Digging a hole in soft dirt, the tomahawk's handle displays the forge-burned rings.When I purchased the tomahawk, Monds, a seventh generation blacksmith whose ancestors made similar hawks for the Hudson’s Bay Company, explained that the haft’s dark rings were “forge burned.” He stated that when a hunter asked a local blacksmith to forge a new tomahawk or belt ax, the blacksmith furnished the handle. But what of the hired hunter who traded two prime beaver pelts for an ax from a North West Company post in 1794 (M’Gillivray, 31)? Or what did one of Little Turtle’s Miami warriors do when a tomahawk handle broke at the Battle of Fallen Timbers in August of that same year?

Hafting a Tomahawk

I wondered if Monds would be upset as I thumped the grip end of the HBC tomhawk’s handle hard on a melon-sized rock. It took a half-dozen tries to free the head. Following Jonathan Alder’s advice to young Tom Springer, I entered the glade with Old Turkey Feathers, a butcher knife, my blanket roll and the tomahawk’s head, the bare necessities of a backcountry woodsman (Alder, 126).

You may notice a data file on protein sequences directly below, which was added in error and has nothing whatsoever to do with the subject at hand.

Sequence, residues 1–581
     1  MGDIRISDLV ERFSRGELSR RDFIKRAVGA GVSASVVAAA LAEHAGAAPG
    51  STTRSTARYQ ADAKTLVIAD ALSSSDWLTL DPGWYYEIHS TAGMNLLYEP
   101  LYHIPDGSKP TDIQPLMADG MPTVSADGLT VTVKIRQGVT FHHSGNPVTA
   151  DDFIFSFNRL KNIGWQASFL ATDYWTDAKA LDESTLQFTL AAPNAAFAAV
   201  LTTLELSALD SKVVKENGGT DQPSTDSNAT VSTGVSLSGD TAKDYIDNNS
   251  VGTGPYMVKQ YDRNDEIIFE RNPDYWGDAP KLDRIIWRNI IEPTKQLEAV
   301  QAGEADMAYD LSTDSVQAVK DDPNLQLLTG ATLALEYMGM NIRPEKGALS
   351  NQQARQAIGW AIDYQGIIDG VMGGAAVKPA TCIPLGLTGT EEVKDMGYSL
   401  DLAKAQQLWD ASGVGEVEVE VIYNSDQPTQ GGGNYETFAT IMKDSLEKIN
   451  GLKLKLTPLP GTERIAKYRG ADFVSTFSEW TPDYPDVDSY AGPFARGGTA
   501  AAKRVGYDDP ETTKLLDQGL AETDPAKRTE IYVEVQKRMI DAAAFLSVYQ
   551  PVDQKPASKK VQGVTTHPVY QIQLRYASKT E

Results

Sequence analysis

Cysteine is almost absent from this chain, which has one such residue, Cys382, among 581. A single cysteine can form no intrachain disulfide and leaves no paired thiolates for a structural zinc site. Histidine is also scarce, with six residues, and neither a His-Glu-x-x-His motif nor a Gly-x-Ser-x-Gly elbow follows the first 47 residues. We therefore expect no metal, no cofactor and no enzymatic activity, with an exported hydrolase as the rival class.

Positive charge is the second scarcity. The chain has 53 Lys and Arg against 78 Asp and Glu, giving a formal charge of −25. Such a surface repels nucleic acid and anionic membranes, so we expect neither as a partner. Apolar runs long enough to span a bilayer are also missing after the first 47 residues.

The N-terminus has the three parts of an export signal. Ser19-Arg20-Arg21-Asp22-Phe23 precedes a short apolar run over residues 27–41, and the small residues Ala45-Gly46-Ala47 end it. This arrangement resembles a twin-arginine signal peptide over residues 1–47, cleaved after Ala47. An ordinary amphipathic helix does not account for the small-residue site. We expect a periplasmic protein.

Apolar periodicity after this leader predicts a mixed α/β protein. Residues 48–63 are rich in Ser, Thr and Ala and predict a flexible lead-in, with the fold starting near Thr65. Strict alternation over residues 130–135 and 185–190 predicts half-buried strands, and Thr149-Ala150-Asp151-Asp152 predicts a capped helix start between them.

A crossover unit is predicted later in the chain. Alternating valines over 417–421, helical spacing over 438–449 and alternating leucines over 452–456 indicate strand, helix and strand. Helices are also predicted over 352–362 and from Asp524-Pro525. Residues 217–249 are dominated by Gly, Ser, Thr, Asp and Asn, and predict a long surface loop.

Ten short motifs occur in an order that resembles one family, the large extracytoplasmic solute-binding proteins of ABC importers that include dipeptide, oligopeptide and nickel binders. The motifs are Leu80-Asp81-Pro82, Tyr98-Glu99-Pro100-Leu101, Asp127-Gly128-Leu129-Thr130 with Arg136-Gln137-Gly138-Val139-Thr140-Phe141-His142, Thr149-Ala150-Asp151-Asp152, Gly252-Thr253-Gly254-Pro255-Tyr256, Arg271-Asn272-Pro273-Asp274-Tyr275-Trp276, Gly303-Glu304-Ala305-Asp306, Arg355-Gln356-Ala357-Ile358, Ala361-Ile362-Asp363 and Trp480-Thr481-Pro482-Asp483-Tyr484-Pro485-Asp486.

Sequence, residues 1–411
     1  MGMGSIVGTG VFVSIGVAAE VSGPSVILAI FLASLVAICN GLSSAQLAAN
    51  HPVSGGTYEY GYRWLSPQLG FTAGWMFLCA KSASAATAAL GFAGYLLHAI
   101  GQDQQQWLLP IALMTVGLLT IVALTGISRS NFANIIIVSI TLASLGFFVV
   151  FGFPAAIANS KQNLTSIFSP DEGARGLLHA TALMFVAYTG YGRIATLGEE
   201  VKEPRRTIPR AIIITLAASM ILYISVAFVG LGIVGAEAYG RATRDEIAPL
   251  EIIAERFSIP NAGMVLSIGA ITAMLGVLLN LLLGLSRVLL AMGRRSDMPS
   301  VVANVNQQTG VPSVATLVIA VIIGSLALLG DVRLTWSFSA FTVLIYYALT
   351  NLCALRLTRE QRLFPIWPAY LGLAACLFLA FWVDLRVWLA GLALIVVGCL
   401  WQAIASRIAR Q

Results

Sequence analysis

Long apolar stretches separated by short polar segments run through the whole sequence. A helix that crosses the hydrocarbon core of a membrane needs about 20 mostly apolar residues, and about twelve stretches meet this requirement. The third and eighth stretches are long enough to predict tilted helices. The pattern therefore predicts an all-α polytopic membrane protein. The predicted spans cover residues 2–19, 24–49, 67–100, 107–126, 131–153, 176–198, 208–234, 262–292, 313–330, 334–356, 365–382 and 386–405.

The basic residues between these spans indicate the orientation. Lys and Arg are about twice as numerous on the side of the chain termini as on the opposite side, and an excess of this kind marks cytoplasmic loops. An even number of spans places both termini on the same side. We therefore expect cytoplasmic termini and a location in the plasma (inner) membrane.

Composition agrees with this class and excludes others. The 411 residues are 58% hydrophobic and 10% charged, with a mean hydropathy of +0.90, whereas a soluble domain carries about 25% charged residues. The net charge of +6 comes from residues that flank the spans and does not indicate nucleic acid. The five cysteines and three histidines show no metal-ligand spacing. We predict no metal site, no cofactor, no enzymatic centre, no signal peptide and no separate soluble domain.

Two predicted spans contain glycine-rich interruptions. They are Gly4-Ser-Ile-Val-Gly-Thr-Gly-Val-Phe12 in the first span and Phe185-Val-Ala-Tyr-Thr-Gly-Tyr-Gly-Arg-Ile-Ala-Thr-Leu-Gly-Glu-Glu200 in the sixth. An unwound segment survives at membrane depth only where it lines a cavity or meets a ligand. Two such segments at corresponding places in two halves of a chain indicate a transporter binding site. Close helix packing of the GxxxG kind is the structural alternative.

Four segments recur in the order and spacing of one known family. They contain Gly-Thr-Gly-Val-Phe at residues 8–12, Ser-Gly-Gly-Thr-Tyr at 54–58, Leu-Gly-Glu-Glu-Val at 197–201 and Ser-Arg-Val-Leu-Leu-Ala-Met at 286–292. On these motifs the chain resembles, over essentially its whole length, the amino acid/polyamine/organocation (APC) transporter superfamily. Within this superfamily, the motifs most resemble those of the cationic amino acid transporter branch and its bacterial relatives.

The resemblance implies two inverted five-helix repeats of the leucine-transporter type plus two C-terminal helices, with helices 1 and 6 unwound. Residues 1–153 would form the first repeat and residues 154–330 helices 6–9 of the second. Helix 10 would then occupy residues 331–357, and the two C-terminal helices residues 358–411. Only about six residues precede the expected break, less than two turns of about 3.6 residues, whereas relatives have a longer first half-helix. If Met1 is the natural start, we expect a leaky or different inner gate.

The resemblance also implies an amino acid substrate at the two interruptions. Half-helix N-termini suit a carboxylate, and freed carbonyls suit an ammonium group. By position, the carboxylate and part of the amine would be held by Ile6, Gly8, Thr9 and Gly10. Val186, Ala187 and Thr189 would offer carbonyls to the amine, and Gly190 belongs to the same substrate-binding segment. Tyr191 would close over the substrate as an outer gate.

Guiding the butcher knife with both hands was safer and notched the sapling faster.Using the hawk’s eye as a guide, I selected a broken-down wild cherry sapling with an almost straight trunk. I leaned the trade gun against a nearby oak, pulled the butcher knife from its leather sheath and started whittling a “felling notch” in the cherry. The first cuts were shallow and hard; I soon learned two hands controlled the blade better and sliced deeper. I notched around the tree’s little trunk, but grew impatient as the sapling started to wobble and broke it off, leaving a splintered stub.

 

 

Notching the handle blank while sitting on an oak log.On that warm August afternoon, I sat in the shade on a fallen oak trunk. Using the Biblical cubit, the distance from my elbow to the tip of my middle finger, I measured the cherry sapling, added a couple inches for final trimming and mistakes, then whittled the handle blank to length.